We climbed the Bell Tower later in the afternoon, but it dominates the old city skyline no matter where you are.

The view from the tower takes in the Patio del los Naranjos or the ablution courtyard of the Mosque.

Beside the fountain was this incredibly old, olive tree. Initially we thought it was dead, with the leaves coming from a younger tree behind the thick, old trunk. My 2nd photo gives a clearer view of the younger branches at the top of the trunk.

This photo gives a clear view of how the Christians built their Cathedral within the Mosque building.

Originally the mosque minaret stood where the the Bell Tower now is. Fortunately it was preserved within the tower. 

The top of the Bell Tower gave us 360 degree views of Cordoba.

It was impossible to capture the vastness of the mosque. Its beauty is just astounding.
View through the arches.

The view between and along the arches.

At the end of each corridor, were latticed windows allowing the entry of soft light.

The magnificent Mihrad, indicates the direction of Mecca and amplifies the prayers given by the Imam, throughout the mosque.

Another view of the double arches.

A view into the cathedral. The altar is just to the right.

Gothic ceilings above the altar.

Other views.

Gothic ceiling of the Capilla Real, with its silver tabernacle and 9 statues of the saints.

Tour of the Jewish quarter and their 'hidden' synagogue.

Maimonides - Jewish philosopher, astronomer and physician, was born in Cordoba.

Indentations into the walls of narrow allies was supposedly to allow passage of the laden carts.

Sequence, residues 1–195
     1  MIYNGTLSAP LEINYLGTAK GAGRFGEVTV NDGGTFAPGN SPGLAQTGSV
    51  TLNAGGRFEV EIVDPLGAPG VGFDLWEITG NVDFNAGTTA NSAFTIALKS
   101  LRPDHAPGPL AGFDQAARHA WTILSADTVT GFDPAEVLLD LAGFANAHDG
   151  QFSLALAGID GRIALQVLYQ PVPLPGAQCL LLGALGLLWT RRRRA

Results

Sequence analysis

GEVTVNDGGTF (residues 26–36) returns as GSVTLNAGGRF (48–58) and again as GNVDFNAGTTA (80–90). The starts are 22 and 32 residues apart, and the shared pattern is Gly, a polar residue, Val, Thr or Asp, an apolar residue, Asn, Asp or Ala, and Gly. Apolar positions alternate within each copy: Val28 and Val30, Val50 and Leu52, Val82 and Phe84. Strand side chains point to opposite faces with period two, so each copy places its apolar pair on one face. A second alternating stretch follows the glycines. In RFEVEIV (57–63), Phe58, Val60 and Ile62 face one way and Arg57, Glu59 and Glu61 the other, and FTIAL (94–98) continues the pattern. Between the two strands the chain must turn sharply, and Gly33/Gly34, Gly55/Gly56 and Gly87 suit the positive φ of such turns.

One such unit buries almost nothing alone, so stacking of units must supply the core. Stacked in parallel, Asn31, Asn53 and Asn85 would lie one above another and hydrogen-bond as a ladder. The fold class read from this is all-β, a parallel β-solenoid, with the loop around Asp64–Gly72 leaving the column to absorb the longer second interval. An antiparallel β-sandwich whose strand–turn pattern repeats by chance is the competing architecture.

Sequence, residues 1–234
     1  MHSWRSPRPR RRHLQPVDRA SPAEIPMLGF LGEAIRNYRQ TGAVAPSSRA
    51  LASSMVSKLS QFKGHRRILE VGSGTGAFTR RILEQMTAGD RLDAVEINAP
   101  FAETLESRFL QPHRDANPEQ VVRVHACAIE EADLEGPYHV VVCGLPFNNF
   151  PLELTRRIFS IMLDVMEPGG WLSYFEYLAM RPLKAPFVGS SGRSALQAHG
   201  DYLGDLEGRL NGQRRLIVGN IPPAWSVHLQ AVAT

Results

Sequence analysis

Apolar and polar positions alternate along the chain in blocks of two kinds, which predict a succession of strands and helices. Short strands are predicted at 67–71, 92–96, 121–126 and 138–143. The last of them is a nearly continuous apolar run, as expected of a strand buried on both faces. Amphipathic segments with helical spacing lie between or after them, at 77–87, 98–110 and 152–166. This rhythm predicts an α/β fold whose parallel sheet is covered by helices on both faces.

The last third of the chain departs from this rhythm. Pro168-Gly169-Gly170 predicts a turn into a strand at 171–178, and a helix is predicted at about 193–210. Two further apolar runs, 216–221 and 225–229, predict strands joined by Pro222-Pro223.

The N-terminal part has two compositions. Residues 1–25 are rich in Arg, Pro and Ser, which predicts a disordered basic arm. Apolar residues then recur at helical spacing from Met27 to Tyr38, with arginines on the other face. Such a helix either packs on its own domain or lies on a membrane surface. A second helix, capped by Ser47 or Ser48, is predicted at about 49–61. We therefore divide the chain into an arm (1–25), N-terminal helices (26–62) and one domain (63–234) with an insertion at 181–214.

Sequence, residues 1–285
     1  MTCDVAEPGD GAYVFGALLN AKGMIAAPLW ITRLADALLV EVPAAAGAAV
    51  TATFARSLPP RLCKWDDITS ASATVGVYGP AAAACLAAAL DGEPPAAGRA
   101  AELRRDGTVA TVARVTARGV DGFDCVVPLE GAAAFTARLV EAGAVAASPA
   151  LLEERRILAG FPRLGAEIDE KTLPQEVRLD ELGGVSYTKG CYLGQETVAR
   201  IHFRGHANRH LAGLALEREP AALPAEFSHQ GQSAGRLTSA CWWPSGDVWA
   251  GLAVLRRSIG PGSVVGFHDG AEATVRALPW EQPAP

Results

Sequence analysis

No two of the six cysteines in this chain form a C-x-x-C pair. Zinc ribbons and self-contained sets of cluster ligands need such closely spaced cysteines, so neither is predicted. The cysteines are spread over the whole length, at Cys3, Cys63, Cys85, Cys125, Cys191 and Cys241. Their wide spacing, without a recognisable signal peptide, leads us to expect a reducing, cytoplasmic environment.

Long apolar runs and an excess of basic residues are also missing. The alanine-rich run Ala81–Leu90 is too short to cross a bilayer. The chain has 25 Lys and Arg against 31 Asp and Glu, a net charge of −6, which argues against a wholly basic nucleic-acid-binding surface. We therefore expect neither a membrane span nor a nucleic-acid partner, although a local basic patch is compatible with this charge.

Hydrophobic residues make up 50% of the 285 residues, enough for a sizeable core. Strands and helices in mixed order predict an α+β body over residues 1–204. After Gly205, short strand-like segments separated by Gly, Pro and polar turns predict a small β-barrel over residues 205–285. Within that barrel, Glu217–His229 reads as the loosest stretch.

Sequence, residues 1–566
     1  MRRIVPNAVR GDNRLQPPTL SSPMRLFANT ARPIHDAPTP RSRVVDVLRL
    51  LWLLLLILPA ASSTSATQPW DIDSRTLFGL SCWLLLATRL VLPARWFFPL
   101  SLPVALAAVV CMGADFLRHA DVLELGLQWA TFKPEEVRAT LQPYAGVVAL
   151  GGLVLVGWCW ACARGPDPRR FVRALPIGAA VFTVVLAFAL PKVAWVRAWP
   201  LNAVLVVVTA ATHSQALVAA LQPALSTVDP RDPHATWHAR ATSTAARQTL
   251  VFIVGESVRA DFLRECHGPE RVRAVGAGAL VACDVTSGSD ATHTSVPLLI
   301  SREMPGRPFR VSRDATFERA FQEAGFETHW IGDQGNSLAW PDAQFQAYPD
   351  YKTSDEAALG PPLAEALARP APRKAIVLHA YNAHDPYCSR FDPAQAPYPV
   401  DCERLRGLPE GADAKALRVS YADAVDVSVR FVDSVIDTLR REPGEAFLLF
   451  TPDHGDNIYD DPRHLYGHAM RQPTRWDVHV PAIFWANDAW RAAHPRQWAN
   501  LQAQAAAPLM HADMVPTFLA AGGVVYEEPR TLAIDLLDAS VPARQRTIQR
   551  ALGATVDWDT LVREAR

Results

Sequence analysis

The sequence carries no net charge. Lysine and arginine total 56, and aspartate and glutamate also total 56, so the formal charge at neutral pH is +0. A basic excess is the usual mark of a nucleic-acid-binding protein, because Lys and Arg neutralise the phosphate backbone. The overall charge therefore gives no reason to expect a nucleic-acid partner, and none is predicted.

In 1570, King Phillip II, built the Royal Stables to breed thoroughbred Spanish horses. We were able to watch the morning training session. I didn't want to leave.

Photos from our last day of wandering.

Another courtyard I wanted to see more of.

Cordoba's major festival, The Patios Competition, is held in May. [patios - courtyard].
There are at least 50 flower filled courtyards, festooned with the colour of flowering pot plants, to be visited.

 Our visit to Cordoba has been equally as thrilling as that of our visit to Granada, but it is a more natural and relaxed city. I felt more comfortable wandering through its windy, narrow cobbled streets, with their lowset, white homes and peering into their hidden courtyards. So glad to have spent time in both. 

I would love to read your comment.


  1. Such fabulous buildings! I liked especially the Cathedral and the small Synagogue.
    I googled the Patios Competition. What fun, inspiring photos there were! That is something I really would like to visit. :)
    As always, thank you very much for sharing!
    I hope you will have lower temperatures soon.

    1. I would love to be there for the competition, but it would be sooooo crowded.

  2. What a fabulous place to tour! Such history! Loved all your photos. All your recent wanderings makes me want to plan a trip somewhere.


    1. I thought you were planning for Oz!
      As Europe is such a total contrast to Oz, the impact on ones senses is so much greater.

  3. Beautiful! Would that people could get along as well as those two parts of the Cathedral Mosque. A marvelous tour, Helen. By the way, the path in mine goes to a small dam created to keep some of the sediment from the eruption from flowing down the Toutle River to the Cowlitz River--and then into the Columbia River. The Dam has worked for well over 20 years, but will have to be raised up to continue. Thanks again for visiting, and thanks for taking me to Spain.

  4. The water features in the gardens looked stunning and the architecture of the mosque breathtaking. What a wonderful city, thanks again for sharing and giving me me more places to visit on my travels!